Marketing can’t help most startups. Here’s why: most startups are mediocre—mediocre product, mediocre operations, mediocre support. How else do you explain the fact that over half of all startups are gone within five years, and only 30% ever make it to 10 years? The truth is that investing scarce capital in the marketing of “mediocre” rarely pays back very well.
There is an old saying in marketing that goes: “nothing kills a bad company faster than good marketing.” Spending your next dollar on marketing may temporarily boost sales, but if your business is exhibiting shades of mediocrity, you may not get the return on your investment that you expected.
A quick story.
A few years ago we worked with a large interior design company whose customers were homeowners that numbered in the thousands. The design company’s business had grown substantially over the years on the strength of referrals. As sales slowed in 2007, the company asked us to develop a marketing program to help reignite sales among a broader audience.
Before spending their money, we recommended to the CEO that we do a bit of customer research, which was approved. The survey asked customers if they would be willing to refer the services of the design firm to friends or colleagues and gave those customers a scale of 0-10 to express their support (10 being “extremely likely”). The CEO struggled with the findings. The conversation went something like this:
Us: Only 33% of your customers love you.
CEO: I don’t get it. Our customers rave about the work we do. Every job!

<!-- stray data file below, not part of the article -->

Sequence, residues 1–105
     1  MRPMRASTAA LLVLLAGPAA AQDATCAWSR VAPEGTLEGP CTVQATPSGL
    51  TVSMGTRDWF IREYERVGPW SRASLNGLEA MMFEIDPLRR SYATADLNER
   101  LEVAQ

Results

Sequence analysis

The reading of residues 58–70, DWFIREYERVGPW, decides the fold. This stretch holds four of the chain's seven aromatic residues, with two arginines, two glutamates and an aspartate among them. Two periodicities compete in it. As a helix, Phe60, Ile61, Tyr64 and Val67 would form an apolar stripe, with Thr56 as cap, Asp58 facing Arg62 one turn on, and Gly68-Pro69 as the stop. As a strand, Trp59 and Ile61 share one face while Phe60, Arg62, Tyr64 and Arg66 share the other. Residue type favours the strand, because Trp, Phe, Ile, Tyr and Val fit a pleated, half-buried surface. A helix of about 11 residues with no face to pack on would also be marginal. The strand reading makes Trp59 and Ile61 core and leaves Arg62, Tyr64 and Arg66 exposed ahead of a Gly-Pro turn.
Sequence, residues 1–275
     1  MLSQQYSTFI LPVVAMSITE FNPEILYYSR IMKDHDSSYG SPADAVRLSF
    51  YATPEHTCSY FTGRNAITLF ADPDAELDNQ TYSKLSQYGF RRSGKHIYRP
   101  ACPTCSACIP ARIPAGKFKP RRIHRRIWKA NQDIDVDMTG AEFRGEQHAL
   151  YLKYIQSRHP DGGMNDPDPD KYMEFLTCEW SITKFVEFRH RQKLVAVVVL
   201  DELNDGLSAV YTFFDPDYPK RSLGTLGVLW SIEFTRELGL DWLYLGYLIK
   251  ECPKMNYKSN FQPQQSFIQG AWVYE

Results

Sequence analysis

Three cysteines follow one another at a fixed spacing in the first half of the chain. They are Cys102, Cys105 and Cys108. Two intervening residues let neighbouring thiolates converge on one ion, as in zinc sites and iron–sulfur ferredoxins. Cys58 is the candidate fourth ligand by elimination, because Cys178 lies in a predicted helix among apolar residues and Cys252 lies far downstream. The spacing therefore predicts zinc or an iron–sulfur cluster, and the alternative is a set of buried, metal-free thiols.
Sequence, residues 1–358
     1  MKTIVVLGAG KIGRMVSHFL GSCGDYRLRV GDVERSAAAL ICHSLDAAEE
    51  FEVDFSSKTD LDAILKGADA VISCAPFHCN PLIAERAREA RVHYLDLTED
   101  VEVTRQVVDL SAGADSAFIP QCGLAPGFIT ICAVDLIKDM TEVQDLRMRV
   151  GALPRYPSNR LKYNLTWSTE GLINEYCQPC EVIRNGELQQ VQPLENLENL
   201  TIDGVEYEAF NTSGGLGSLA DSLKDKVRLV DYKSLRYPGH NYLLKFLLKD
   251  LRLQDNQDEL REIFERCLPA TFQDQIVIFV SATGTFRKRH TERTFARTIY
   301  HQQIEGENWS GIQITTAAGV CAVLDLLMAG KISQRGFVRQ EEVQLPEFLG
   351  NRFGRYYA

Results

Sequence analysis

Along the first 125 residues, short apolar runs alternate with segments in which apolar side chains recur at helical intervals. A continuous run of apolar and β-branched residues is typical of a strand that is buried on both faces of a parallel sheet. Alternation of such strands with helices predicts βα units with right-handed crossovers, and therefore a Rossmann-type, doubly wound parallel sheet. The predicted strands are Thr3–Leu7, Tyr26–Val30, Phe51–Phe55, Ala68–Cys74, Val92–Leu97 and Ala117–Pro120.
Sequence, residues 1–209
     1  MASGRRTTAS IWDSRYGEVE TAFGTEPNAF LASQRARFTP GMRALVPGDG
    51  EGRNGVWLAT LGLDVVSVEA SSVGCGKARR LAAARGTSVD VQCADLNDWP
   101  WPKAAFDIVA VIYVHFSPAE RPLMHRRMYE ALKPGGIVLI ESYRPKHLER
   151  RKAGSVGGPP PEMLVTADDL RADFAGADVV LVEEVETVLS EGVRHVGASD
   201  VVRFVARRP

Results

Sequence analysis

Us: But sales are slowing. The referrals are slowing.
CEO: Maybe we have to go after new markets.
Us: Maybe there’s something else going on.
The next step was to dig deeper into the 37% of customers who gave them a seven or an eight, and the 30% of customers who gave them six or less. The next conversation went like this:
Us: The majority of your customers love your design work, but really don’t like your billing and collections. Apparently, there have been a lot of screw ups. As a result, you received more sevens and eights in the survey than your design success would suggest.
CEO: Accounting is really boring.
Us: Yeah, we noticed.
If we’d charged ahead with a full-blown marketing campaign, the design company would have spent a lot of money exposing its weakness to a greater number of people. That would have been the path to a saw-toothed sales curve instead of an upward, hockey stick-type sales curve. Talking to customers in a very simple, quantifiable way forced the company’s weakness out into the open where the CEO was able to deal with it.
Sometimes, spending money on marketing is the wrong thing to do. Spending money on finding out who you really are—how your customers see you—is the right thing to do.
So here are three simple questions you should ask your customers:
Simple, to the point, revealing, and very easy to do. Try it with one customer and see what happens. And then make the call on whether to spend that $1 on marketing.